April 10, 2003, Gazette
If you play squash and want to improve your performance you may have
a unique opportunity thanks to the research and creativity of Dr. Leonard
Lye, Faculty of Engineering and Applied Science, and engineering graduate
Chris Butt. The Footworker -S is a device designed for both novice and
advanced squash players to improve both movement (foot work) around
the squash court and fitness. But be prepared to work up a sweat; this
device is sure to challenge even the best of players.
Dr. Lye said the idea for a similar device for badminton came to him
about 20 years ago. When he started playing squash just five years ago,
the idea came back and so he proposed it as a Term 8 project for the
electrical engineering students in the fall of 1999.
“Chris accepted the project and
went to work right away programming and putting the hardware together,”
said Dr. Lye. “When we had something ready to present, we took
it over to Dr. David Behm in the School of Human Kinetics and Recreation
and asked him to take a look at it. He tried it out, made a few suggestions,
and we have been refining it ever since.”
Since they began just over three years ago, the Footworker -S has changed
from roughly constructed plywood to a real prototype, thanks to the
help of Steve Foster of Memorial University’s Technical Services.
Since then, the device has been streamlined, the electronics component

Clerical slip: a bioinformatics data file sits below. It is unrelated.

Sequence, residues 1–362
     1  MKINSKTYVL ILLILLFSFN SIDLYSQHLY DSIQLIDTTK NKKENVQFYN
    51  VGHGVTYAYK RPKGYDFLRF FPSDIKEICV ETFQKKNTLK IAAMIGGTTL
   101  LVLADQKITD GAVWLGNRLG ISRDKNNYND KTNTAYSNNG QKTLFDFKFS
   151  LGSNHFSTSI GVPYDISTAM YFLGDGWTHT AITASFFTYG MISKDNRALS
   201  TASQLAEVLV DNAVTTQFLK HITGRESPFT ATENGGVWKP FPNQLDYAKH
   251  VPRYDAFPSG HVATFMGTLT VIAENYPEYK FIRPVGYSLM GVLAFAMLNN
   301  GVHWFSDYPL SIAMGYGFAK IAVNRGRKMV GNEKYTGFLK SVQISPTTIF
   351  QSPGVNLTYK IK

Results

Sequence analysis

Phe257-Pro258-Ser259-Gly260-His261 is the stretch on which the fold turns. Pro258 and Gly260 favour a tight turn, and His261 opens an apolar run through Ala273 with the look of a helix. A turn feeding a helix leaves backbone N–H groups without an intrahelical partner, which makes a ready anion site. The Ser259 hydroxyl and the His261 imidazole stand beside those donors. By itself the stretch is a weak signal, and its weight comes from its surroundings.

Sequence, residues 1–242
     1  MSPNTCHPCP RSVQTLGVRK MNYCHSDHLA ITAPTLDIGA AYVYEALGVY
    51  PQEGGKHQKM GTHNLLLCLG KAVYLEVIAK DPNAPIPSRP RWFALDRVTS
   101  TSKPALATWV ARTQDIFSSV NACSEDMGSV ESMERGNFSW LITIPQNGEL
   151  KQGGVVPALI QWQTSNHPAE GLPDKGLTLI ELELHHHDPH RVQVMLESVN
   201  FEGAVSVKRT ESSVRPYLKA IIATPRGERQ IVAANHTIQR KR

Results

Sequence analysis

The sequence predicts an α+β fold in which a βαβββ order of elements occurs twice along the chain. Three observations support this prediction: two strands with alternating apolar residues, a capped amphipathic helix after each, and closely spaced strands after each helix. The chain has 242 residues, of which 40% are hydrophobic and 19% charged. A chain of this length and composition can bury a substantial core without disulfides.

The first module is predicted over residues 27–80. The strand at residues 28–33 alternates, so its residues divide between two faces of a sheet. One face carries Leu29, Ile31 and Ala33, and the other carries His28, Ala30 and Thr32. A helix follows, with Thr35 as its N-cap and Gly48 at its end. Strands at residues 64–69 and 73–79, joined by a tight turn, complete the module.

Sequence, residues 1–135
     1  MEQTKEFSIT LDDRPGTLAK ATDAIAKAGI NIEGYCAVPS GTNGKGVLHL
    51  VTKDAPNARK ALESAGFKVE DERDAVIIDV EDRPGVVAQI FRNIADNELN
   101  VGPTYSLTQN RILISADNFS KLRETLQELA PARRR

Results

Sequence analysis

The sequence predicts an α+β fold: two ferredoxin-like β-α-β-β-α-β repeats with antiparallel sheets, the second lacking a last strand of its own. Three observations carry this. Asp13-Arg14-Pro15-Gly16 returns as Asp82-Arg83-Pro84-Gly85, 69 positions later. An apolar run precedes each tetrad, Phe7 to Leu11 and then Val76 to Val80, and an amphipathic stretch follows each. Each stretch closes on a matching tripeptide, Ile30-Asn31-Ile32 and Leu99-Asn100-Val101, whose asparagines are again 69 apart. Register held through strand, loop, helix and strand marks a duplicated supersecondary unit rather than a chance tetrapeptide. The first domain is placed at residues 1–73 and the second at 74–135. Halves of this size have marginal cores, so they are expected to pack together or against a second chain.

has been made a lot smaller and been given a more compact design.
“We are still making some minor modifications and are always finding
something that could be slightly tweaked. Having people try it helps
us to make it even better,” adds Chris.
The Footworker-S is designed to help
the player perform ghosting routines more effectively. For those who
do not know, the purpose of ghosting routines is to encourage good movement
with correct footwork in any corner of the court from the T and back
to the T. The Footworker-S is placed at the front of the court. Ten
lights are positioned on the device to reflect the typical positions
from where a squash ball is hit. When a particular light is illuminated
the player moves to that position on the court and “hits”
an imaginary ball. What follows is a properly timed, according to your
chosen level, pseudo-random pattern of flashing lights designed to simulate
According to Dr. Lye, there is no other device out there similar to
this. Consequently, endorsements have been rolling in from those who
have tried it and can attest to its effectiveness.
“The Footworker is a great new tool for coaches and a fun way
for players to improve their game,” said Kathy Lundmark, level
IV coach and former Canadian and World Masters Champion.
Dr. Lye and Mr. Butt have since formed their own company, Com-Adv Devices
Inc. and are now working to market their product to the squash community.
“This device makes you work very hard. It challenges your footwork
technique and improves your overall fitness level,” points out
Dr. Lye. “We know we have a winning product. Now we just need
to show everyone what it can do for them!”
For more information, please visit their Web site at www.footworker.ca.